Union leaders Monday accused the government of failing to implement a program that was supposed to protect the lives and rights of workers in the run-up to the free trade agreement with the United States.
During a news conference, some of Colombia’s biggest labour groups mentioned key parts of the 37-point Labour Action Plan (LAP), had either been ignored or never fully implemented.
The report comes as Colombia nonetheless faces critical anti-union violence. In 2013, 26 union members were killed and 13 more experienced attempts on their lives, the National Union School said. During the three years the LAP has been in effect, there have been 73 slayings of union workers and 953 death threats, the group said.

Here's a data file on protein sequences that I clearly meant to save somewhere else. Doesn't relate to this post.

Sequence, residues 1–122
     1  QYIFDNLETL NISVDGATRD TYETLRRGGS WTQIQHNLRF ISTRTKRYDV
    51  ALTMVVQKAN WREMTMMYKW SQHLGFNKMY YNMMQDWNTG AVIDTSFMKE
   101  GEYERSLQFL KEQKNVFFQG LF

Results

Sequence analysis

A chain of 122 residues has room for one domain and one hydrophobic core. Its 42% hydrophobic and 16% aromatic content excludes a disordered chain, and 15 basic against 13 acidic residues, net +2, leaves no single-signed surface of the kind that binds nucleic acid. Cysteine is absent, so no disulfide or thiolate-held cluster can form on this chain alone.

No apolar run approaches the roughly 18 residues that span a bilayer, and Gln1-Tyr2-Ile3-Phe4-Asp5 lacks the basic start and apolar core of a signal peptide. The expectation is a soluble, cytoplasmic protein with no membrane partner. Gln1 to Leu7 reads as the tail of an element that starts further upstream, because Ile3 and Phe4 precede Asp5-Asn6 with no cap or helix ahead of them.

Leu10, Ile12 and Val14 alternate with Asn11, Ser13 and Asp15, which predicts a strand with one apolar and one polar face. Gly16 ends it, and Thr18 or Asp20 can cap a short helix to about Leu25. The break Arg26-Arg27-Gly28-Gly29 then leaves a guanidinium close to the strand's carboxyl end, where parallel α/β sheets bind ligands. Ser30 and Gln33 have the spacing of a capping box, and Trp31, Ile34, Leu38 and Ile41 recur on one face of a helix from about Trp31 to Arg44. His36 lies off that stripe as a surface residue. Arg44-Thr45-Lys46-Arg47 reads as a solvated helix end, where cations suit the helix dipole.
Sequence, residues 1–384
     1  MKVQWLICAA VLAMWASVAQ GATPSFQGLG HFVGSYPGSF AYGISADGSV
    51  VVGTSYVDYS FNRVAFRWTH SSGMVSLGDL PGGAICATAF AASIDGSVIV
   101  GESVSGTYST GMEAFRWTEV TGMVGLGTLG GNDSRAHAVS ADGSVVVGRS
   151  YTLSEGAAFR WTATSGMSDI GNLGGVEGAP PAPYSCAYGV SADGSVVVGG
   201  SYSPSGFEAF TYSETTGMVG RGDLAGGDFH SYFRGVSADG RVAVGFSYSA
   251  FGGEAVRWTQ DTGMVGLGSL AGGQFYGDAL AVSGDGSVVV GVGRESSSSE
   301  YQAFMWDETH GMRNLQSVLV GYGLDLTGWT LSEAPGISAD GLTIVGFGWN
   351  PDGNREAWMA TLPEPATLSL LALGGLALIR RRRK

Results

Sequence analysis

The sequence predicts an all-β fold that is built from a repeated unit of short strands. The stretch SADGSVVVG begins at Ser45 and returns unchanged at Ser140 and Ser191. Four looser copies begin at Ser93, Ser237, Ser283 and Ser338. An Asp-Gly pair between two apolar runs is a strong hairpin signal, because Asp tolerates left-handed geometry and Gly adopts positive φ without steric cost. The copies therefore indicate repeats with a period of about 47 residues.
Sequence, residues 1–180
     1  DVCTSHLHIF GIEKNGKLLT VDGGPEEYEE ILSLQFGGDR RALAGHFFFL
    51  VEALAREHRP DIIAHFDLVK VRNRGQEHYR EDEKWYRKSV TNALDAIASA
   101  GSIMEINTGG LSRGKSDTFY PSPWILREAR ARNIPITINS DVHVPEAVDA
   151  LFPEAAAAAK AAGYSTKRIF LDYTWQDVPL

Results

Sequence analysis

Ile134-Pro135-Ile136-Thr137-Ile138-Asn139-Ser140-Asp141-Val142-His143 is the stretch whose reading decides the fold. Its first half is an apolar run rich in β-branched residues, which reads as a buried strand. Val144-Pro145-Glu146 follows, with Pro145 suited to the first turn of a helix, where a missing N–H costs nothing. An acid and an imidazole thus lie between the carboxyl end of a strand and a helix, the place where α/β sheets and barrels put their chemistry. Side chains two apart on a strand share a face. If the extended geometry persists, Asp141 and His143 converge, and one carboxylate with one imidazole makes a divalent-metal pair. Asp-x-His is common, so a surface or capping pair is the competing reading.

The United States and Colombia signed the LAP in 2011 as a way to woo U.S. congressional leaders who were withholding their support for the trade agreement over concerns about labor violence. A year after the action plan was inked, the trade deal, which had languished in Congress for six years, was finally ratified.